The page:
Challenging Convention

I know I keep talking a good game about this Harry Potter post and then going on about other things instead, but I promise, it’ll show up before 2011 runs its course.


In the meantime: this piece by Diane Ravitch, who should team up with Elizabeth Warren and run for president of the universe, is both angering and inspiring in all the best ways.  Ravitch is reviewing two new books about education – one which seeks to praise the reform movement, with its cast of famous philanthropists, and the other an autobiographical account from a lifelong teacher in the Bronx.


One thing that I’ve been thinking about is the fact that, although the contemporary school reform movement places so much emphasis on data and accountability, precious little data seems to be gathered about teachers themselves, and which tools they find most effective.  This article raised the issue again in my mind, and I did some research – my research skills are fairly strong, but the most comprehensive report I could find was only data gathered from Teach for America, on what their recruits found most or least beneficial.  That information isn’t useless, but growing up in the constant presence of educators, I suspect those responses also aren’t the most helpful – as with any occupation, what one finds beneficial at the outset and over time can differ.  (Moreover, from a purely methodological standpoint, teachers constitute a hugely broad data sample, and to have details on only such a narrow and self-selecting subset is absurd.)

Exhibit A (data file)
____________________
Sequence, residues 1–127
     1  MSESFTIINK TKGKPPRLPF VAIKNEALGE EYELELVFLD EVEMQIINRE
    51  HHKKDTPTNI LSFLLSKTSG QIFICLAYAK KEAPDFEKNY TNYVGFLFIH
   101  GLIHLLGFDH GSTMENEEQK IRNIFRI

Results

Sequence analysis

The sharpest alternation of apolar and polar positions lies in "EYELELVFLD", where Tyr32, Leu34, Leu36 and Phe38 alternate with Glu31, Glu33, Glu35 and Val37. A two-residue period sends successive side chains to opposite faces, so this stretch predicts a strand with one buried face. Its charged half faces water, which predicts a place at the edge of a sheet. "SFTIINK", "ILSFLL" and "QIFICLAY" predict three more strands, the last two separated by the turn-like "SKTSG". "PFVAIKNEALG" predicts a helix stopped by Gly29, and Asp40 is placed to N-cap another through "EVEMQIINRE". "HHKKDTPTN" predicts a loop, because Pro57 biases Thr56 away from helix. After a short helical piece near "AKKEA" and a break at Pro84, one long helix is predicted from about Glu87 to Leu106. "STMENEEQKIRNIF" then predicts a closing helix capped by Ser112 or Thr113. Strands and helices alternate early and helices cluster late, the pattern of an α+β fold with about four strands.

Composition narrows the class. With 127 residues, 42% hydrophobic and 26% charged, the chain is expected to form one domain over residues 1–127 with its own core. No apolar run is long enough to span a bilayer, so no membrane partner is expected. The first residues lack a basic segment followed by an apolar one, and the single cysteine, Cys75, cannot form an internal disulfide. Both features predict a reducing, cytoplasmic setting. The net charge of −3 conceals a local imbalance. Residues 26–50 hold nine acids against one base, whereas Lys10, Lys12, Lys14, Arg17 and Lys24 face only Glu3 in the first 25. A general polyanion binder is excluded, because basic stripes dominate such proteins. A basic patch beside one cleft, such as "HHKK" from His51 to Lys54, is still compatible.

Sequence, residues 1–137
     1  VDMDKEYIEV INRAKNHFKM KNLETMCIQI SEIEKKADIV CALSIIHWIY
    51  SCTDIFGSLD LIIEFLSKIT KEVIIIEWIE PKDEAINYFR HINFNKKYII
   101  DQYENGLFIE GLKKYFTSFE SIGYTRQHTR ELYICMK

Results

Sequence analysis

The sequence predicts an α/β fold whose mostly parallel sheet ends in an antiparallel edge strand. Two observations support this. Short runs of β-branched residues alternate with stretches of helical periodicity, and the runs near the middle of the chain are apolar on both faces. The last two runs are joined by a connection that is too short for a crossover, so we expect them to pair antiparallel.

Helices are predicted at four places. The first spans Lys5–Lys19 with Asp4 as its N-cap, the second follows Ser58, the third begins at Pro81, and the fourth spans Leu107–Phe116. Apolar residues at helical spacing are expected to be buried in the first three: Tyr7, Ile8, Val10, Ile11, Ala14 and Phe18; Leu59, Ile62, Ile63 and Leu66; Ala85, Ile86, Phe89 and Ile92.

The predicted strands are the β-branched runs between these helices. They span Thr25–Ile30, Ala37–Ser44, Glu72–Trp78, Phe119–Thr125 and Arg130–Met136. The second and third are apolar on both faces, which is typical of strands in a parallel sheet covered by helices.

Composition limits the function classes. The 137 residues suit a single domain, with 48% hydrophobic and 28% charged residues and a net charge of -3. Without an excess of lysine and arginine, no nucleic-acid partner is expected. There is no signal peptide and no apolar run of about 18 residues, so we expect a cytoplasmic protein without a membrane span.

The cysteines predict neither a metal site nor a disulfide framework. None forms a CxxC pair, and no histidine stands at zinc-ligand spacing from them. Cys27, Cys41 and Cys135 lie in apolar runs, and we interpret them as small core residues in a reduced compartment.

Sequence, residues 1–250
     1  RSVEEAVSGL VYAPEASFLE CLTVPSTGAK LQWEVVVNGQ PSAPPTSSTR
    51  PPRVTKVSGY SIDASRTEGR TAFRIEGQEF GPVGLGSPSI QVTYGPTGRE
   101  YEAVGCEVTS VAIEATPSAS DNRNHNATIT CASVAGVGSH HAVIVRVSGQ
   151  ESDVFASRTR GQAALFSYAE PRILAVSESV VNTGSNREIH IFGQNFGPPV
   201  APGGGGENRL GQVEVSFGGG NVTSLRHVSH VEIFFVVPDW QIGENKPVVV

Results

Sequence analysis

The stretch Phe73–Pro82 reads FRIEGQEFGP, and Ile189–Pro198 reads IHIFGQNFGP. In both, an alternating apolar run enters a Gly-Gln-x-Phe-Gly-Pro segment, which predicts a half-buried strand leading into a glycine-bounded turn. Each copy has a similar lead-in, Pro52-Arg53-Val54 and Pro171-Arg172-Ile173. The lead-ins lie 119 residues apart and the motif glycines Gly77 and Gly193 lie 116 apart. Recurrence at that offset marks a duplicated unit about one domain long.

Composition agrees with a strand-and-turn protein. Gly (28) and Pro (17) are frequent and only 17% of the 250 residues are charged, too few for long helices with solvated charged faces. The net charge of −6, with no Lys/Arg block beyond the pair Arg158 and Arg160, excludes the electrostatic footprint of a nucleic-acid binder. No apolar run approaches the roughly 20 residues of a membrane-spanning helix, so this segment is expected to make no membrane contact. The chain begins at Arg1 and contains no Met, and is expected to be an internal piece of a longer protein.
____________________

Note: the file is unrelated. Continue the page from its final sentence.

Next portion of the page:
Talking about teacher effectiveness, and enforcing “accountability”, without any (or with very limited) actual input from teachers is dicey business – look no further than Atlanta’s expansive cheating scandal for plain evidence of how current efforts at reform can go terribly, terribly awry.  (And, as Ravitch points out, Atlanta is hardly alone, although it may wind up being the most egregious offender.)


Free-market thought isn’t infallible, although reform efforts are largely predicated on such a belief.  For a truly fascinating discussion of how free-market thought arose in conjunction with an increased centralized security state, I heartily recommend checking out this Q&A over at Harper’s.  We’re all steeped in the ideologies and thought practices of our times, and this is an excellent introduction to how some of those that we swim in in the present day have come about.

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